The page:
Bread of Life

 this is the bread that comes down from heaven so that one may eat it and not die. (john 6: 50)
The miracle of God’s physical presence to us at every Mass is the truest testament to Christ’s love for us and His desire for each of us to have a personal relationship with Him. Jesus Christ celebrated the first Mass with His disciples at the Last Supper, the night before He died. He commanded His disciples, “Do this in remembrance of me” (Luke 22:19). The celebration of the Mass then became the main form of worship in the early Church, as a reenactment of the Last Supper, as Christ had commanded. Each and every Mass since commemorates Jesus’ sacrifice on the cross through the Holy Eucharist. Because the Mass “re-presents” (makes present) the sacrifice on Calvary, Catholics all around the world join together to be made present in Christ’s timeless sacrifice for our sins. There is something fascinating about continuing to celebrate the same Mass—instituted by Christ and practiced by the early Church—with the whole community of Catholics around the world…and in heaven.


Why does the Catholic Church believe Christ is really present in the Eucharist?
The Catholic doctrine of the Real Presence is the belief that Jesus Christ is literally, not symbolically, present in the Holy Eucharist—body, blood, soul and divinity. Catholics believe in the Real Presence of Christ in the Eucharist because Jesus tells us this is true in the Bible:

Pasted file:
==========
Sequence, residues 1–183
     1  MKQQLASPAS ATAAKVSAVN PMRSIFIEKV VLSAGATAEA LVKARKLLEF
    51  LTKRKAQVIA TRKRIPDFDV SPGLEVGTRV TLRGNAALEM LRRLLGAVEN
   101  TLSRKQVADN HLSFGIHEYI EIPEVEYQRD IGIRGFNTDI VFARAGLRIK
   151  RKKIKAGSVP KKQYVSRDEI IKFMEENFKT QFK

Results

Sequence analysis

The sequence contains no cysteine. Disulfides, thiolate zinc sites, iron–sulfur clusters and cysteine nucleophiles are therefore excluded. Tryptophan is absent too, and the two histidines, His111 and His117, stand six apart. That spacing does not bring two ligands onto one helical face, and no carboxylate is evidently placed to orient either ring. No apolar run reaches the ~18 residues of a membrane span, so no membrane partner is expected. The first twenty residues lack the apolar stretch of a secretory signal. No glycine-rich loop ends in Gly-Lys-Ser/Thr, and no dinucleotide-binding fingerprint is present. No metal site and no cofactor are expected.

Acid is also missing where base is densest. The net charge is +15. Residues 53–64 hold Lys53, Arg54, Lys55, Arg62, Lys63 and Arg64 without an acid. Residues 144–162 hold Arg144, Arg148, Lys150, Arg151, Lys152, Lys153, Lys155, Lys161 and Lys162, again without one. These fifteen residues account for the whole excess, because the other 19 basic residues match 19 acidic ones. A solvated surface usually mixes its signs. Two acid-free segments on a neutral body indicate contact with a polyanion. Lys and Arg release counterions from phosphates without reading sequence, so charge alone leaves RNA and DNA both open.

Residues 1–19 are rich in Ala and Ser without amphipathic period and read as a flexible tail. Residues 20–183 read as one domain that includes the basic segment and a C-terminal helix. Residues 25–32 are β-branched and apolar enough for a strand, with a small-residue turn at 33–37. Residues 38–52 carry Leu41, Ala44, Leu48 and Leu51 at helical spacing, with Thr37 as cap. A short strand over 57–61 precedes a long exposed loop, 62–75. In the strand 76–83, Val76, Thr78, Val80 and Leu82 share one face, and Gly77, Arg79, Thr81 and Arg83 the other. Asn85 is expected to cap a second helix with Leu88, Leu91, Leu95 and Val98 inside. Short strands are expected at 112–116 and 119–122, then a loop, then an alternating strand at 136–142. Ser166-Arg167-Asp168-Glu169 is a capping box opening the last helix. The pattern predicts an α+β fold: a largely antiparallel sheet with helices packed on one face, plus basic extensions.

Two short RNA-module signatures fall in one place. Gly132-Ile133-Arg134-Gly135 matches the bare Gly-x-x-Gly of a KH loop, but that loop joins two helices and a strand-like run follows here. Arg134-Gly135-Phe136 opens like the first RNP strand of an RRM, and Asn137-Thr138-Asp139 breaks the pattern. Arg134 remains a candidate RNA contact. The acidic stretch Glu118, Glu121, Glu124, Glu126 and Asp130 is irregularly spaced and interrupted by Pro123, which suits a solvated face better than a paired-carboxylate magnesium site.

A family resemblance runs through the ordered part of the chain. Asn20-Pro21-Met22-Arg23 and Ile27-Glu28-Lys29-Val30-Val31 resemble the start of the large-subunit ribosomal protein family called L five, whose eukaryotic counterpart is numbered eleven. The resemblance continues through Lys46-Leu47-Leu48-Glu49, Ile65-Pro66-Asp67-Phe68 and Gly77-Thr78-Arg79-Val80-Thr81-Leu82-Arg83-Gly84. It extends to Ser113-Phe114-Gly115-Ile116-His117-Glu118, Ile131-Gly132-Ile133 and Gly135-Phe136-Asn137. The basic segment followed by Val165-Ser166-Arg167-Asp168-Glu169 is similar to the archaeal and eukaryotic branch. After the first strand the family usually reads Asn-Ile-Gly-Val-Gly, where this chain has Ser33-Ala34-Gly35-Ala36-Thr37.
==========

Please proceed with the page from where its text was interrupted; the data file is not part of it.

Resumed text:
“I am the bread of life. Your fathers ate the manna in the wilderness, and they died. This is the bread which comes down from heaven, that a man may eat of it and not die. I am the living bread which came down from heaven; if any one eats of this bread, he will live for ever; and the bread which I shall give for the life of the world is my flesh." The Jews then disputed among themselves, saying, ‘How can this man give us his flesh to eat?’ So Jesus said to them,

"Truly, truly, I say to you, unless you eat the flesh of the Son of man and drink his blood, you have no life in you; he who eats my flesh and drinks my blood has eternal life, and I will raise him up at the last day. For my flesh is food indeed, and my blood is drink indeed. He who eats my flesh and drinks my blood abides in me, and I in him” - John 6:48-56
Furthermore, the early Church Fathers either imply or directly state that the bread and wine offered in the celebration of the Lord’s Supper is really the body and blood of Jesus Christ. In other words, the doctrine of the Real Presence that Catholics believe today was believed by the earliest Christians 2,000 years ago!

This miracle of God’s physical presence to us at every Mass is the truest testament to Christ’s love for us and His desire for each of us to have a personal relationship with Him.

Wednesday, July 30, 2014


"Amen, amen I say unto you: Except that you eat the flesh of the Son of man,
and drink his blood, you shall not have life in you." The Living Bread (St. John 6:54)

Spiritual Growth

[Classification of a soul's progress in the spiritual life by "testing souls on one hand by sin and imperfection, and on the other by their degree of prayer]


Mortal sin: Stubborn persistence in sin, either out of ignorance or because of a maliciously warped conscience.

Prayer: Deliberate refusal to have any recourse to God.